in the catbird seat
big buff guy
The semantics are similar to such phrases as "sitting pretty," "livin' large," and "home free" in that it refers to a condition disposed to success (an advantagous situation). The Morris Dictionary relates an origin narrative tracing it's popularity from the Thurber work through contextual clues to phrases commonly used by a radio announcer who reported on competitions involving the Brooklyn Trolley-Dodgers, an organization in the sport of baseball. The origin story tells of a specific anecdote in which this announcer learned of it from one who'd been familiar with it from the patois of the southern United States. No history is related about it's further origin or the semantic connection between the seat of a "catbird" and superiority or good fortune.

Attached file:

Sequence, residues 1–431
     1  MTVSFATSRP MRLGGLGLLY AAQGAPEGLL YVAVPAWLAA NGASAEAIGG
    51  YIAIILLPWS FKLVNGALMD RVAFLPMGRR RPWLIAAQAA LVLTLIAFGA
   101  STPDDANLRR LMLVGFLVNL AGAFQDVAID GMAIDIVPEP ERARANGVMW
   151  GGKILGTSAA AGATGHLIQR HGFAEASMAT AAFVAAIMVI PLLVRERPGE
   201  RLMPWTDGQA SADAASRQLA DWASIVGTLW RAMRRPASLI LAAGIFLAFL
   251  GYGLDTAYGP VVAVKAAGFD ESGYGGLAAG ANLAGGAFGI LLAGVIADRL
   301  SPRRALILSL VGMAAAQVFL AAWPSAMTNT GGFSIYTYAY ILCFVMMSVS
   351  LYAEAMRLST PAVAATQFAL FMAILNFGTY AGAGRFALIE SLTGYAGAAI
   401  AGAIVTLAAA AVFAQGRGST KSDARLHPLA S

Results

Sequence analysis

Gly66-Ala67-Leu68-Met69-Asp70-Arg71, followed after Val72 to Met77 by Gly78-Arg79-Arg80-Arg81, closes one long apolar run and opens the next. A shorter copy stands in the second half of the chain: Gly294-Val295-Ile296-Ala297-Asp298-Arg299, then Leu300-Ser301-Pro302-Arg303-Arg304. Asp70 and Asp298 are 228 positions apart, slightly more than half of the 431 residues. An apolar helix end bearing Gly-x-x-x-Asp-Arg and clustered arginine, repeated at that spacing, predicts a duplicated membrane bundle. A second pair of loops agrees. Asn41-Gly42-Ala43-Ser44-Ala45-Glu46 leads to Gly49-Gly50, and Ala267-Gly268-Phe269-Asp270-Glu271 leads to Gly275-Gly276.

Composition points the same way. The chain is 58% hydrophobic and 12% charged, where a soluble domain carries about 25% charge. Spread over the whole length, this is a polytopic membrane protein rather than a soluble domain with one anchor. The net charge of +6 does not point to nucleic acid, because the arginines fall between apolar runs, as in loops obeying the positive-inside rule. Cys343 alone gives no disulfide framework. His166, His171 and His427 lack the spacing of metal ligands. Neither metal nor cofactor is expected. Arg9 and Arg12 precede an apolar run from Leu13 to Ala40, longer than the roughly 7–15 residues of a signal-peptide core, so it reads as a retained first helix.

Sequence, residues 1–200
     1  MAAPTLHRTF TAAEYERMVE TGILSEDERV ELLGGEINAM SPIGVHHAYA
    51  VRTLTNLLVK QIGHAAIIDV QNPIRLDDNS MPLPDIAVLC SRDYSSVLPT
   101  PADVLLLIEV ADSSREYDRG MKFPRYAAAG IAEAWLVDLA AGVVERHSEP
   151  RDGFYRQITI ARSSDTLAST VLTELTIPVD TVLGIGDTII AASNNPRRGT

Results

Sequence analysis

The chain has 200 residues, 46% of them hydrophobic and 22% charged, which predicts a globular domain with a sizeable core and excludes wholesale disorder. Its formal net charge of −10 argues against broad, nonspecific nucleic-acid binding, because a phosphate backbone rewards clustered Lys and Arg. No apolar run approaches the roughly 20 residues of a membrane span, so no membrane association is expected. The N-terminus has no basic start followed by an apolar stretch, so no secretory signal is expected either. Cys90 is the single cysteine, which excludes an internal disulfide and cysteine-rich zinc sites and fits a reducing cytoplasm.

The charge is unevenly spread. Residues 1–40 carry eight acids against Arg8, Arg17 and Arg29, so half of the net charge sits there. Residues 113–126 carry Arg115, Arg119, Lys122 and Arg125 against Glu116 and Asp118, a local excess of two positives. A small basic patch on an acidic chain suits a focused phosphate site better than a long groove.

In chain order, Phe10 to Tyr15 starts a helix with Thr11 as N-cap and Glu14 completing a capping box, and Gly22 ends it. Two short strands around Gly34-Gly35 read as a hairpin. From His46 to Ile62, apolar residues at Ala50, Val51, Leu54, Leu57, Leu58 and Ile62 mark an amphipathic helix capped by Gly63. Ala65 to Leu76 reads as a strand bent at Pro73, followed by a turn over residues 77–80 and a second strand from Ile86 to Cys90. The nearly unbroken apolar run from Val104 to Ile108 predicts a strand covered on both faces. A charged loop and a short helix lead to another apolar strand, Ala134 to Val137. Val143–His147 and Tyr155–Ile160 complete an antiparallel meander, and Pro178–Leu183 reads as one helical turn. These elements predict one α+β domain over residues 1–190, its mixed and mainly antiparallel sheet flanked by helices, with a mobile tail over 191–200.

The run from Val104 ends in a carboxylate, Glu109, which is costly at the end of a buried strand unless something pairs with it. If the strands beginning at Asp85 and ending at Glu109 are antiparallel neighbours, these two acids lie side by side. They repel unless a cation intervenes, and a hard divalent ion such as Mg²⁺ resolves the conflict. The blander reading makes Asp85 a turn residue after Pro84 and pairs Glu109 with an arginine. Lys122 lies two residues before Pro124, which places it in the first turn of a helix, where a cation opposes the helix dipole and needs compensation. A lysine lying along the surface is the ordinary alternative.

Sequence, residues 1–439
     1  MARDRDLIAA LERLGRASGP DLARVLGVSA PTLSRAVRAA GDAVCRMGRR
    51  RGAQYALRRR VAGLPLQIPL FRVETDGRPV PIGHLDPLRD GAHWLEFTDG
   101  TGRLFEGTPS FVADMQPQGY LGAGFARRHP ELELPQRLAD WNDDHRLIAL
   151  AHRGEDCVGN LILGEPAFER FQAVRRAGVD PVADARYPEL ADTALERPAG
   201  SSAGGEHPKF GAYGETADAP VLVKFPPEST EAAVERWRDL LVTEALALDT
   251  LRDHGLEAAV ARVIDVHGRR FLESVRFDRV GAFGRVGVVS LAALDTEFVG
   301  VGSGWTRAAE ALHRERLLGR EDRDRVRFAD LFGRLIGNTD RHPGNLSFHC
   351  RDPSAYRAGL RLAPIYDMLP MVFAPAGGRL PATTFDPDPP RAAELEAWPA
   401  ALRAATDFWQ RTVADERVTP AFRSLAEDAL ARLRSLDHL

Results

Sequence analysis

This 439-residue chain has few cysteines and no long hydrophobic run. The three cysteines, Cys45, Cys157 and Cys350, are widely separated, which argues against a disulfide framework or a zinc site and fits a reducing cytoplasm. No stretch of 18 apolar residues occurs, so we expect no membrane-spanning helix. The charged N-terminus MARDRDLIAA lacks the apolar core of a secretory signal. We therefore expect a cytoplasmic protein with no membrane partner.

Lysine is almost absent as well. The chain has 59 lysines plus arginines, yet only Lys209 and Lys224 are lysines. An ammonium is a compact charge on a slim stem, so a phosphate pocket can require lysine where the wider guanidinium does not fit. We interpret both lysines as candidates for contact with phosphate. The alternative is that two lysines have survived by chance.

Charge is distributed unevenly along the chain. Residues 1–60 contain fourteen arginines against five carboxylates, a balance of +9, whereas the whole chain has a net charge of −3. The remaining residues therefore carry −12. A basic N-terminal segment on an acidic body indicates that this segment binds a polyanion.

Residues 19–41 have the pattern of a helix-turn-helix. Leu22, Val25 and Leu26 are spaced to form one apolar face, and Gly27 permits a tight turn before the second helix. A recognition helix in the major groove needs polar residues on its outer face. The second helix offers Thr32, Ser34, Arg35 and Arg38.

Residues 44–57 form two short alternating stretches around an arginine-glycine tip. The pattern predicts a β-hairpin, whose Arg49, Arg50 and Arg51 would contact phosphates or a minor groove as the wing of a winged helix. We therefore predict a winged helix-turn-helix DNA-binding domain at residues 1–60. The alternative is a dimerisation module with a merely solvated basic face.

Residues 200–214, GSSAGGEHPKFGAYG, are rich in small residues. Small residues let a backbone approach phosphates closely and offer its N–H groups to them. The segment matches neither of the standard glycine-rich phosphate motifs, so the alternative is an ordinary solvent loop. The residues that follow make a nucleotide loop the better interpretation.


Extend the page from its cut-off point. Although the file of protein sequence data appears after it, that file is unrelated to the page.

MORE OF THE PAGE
Lord Glenelg
The Word Detective on catbird seat
Frank Pierce
From no dictionary whatsoever, but purely from my own obervations and a bit of common sense.

The catbird is almost unique in his absolute combativeness (and his over-concern with his own territorial matters). I've seen them sit on the highest branch of any tree, scan the area for intruders (avian, feline, or homo sapien), scream at them with a loud and unpleasant screech, and then dive and give combat. I've been attacked by these creatures who seem to have absolutely no fear, particularly at nesting time.

They rule the roost from the topmost branch, which might very well be called "the catbird seat." He's got it made. Everything else is subordinate.

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